We also measured the electron spin coherence time, , for each of the samples using the standard Hahn-echo pulse sequence. The decay curves at 1.8 K for are shown in Fig. 4(a) for Ge:P and in Fig. 4(b) for Ge:As. These decays are fit to an exponential decay of the form , where scales the amplitude, is the delay between the and pulses in the Hahn echo sequence, and is a fitting parameter that depends on the decoherence mechanism. The 0.1% Ge:P sample decays with =1 over the measured temperature range. For this sample it was found that (representing the absolute limit Schweiger and Jeschke (2001)) down to 350 mK temperatures, meaning that decoherence due to Ge is negligibly small with this level of isotopic enrichment at these temperatures. For samples with , we find that varies from 1 at high temperatures to 2.1 at low temperatures. This is a characteristic of Ge spectral diffusion limiting the coherence. At 1.8 K, the Ge:As, Ge:P, and 3.8% Ge:As samples decay with this form.

The temperature dependence of is also plotted in Fig. 2 and fit to , where is the (temperature independent) spectral-diffusion-limited coherence time. For the natural germanium samples, limits the coherence to 57 s whereas the 3.8% Ge:As sample is limited to 113 s. From similar work in silicon Abe et al. (2010); de Sousa and Das Sarma (2003), one might expect an orientation dependence to . We measured the orientation dependence of for the 3.8% Ge:As sample at 1.8 K and fit the decays with a curve of the form to separate the component from Mims et al. (1961). No angular dependence of could be resolved.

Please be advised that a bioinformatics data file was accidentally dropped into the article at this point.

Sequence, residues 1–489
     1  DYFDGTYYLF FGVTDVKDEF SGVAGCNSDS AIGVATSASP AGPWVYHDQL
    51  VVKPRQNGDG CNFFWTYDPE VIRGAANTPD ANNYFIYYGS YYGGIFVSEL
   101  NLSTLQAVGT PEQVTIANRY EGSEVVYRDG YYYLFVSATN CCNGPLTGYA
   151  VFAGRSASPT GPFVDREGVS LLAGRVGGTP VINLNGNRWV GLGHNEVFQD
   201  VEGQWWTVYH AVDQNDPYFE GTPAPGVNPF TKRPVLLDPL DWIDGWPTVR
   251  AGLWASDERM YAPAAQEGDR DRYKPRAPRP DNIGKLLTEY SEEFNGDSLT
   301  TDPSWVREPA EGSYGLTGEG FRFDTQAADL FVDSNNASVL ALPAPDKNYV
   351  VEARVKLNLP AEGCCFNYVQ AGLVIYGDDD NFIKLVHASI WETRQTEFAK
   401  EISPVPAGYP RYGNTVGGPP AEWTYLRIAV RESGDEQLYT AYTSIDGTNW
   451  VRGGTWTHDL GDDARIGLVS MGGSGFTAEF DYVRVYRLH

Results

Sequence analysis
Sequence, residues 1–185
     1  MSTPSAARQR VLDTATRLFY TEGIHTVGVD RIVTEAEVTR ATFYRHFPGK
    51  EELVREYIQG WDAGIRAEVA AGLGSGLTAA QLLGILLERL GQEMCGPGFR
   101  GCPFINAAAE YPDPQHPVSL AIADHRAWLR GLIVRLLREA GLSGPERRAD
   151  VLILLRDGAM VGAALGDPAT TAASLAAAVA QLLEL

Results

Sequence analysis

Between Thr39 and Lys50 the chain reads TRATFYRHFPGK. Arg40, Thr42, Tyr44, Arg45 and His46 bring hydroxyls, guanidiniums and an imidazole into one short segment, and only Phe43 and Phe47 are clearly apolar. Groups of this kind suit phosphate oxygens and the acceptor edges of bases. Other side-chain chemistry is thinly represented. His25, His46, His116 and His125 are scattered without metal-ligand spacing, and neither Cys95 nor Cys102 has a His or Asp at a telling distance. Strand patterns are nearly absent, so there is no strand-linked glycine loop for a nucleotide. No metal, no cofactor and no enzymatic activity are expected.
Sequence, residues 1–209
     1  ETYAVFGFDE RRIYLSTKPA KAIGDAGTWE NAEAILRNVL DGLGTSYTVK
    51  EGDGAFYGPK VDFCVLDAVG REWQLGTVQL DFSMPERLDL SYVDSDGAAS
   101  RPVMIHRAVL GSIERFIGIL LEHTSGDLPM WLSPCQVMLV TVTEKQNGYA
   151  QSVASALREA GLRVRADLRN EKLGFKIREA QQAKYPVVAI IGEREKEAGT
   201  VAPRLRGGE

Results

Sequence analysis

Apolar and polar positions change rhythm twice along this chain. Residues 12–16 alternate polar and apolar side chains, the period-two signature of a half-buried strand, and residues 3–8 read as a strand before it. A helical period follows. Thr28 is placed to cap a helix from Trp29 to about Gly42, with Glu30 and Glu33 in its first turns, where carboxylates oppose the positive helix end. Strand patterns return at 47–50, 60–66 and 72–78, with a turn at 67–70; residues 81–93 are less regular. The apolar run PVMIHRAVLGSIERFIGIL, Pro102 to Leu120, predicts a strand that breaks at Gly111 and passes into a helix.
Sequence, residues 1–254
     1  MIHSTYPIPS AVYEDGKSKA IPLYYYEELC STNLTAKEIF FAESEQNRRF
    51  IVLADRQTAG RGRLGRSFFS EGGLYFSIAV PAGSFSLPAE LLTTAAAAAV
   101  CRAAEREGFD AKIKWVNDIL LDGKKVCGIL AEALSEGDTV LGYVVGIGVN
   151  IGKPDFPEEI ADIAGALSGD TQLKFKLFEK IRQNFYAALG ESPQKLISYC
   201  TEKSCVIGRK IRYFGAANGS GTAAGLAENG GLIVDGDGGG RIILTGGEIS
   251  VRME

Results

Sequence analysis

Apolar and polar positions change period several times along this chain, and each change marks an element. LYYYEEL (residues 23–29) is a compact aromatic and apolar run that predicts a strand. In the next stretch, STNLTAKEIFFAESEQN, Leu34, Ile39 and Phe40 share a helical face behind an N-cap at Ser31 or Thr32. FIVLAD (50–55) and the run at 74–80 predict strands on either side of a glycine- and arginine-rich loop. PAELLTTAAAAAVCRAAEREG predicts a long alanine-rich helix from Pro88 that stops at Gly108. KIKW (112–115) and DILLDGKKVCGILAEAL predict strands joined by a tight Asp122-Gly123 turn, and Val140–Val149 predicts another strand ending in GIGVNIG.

Figure 4: Two-pulse Hahn echo decay curves for natural (blue) and isotopically enriched (black) germanium doped with phosphorus(a) and arsenic(b) donors. Data were taken at 1.8 K and 9.65 GHz. The solid curves are fits to the data using .